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In the Anglosphere, “North Africa” may also include Mauritania, Libya and even the Siwa Oasis in western Egypt (due to its ethnic Berber population), but the French perception of the Maghreb is limited to the three countries mentioned above.
Thus, the Maghreb that we are discussing here is referring to these three countries in particular, which have a combined population of approximately 100 million (45 million for Algeria; 40 million for Morocco; and 12 million for Tunisia).
This is without including the Maghrebi diaspora, running into the millions, that are located primarily in France.
As for the second part of the article’s title, Nahda, this is how Adnani defines it:
Nahda is an Arabic term that is often translated as “renaissance.” It refers to an extraordinary modernization movement that took place in the Arab and Maghreb countries between the beginning of the nineteenth century and the first half of the twentieth century; but which actually affected a large part of Muslim countries. Its objective was to bring these countries out of their underdevelopment and allow them to enter into the era of modernity.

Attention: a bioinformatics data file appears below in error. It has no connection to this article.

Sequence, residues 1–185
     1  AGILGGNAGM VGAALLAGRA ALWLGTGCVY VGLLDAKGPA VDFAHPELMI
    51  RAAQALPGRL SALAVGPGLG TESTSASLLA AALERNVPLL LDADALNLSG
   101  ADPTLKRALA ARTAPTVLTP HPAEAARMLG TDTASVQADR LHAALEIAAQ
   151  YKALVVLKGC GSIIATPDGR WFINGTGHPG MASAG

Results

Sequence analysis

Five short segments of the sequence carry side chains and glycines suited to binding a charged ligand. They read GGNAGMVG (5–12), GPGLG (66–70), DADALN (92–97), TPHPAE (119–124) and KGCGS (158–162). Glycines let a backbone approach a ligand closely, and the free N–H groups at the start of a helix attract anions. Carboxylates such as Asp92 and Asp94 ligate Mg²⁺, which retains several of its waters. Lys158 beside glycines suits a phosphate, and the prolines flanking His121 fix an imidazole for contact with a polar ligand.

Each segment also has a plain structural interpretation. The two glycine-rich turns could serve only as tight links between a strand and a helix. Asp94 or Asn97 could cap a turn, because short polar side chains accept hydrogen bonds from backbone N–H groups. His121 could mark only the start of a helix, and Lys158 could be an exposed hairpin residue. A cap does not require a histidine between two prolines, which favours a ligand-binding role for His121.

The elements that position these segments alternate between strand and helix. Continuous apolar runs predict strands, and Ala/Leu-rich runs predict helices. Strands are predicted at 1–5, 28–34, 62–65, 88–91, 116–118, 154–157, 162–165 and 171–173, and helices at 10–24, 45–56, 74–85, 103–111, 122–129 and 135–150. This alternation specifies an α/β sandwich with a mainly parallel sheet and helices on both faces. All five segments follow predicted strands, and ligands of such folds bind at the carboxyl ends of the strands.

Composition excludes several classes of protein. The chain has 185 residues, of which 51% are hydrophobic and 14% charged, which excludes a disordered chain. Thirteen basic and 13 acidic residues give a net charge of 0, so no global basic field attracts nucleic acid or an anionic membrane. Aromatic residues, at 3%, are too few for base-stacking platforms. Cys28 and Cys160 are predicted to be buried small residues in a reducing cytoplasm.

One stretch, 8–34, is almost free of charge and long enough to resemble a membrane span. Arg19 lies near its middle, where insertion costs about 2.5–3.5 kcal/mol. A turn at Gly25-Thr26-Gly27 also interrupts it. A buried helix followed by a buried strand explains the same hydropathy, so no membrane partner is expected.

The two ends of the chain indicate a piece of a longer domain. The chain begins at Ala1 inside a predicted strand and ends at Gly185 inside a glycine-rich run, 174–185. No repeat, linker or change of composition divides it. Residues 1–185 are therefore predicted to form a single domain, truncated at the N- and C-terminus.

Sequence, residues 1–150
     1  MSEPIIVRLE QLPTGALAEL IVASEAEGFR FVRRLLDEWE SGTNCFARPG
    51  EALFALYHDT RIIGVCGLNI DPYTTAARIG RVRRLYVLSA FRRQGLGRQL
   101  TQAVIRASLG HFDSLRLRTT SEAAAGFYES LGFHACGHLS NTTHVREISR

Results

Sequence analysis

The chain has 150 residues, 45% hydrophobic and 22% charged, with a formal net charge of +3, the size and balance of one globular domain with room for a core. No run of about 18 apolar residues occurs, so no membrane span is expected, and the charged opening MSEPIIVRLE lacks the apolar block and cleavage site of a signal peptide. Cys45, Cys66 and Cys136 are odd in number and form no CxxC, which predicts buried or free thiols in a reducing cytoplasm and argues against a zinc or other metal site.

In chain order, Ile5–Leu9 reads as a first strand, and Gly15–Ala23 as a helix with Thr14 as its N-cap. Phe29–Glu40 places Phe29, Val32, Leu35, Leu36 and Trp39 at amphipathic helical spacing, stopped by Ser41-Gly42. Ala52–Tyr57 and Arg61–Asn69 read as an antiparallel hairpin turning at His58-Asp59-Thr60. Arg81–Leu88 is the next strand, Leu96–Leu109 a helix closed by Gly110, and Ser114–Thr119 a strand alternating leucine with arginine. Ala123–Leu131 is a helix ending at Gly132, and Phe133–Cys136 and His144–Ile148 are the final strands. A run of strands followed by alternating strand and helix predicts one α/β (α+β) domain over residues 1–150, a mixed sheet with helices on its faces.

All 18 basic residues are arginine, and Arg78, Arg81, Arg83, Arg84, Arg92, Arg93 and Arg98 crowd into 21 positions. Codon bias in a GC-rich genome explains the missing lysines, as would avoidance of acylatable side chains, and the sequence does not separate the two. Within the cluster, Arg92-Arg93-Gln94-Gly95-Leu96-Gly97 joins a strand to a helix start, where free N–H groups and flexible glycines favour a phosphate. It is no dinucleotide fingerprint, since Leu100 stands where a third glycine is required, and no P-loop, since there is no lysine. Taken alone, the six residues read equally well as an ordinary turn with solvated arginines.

The Nahda concerned all fields: literature, politics, society, religion and humanity. And these achievements changed the face of Muslim societies within a few years, allowing them to emancipate themselves from the traditions and constraints of the Shari’ah. The most important achievements in the social and political field were the adoption of the constitutional system and the emancipation of women. Women were given rights they had never dreamed of before—to leave the house unaccompanied, to not wear the veil, to get an education and to work.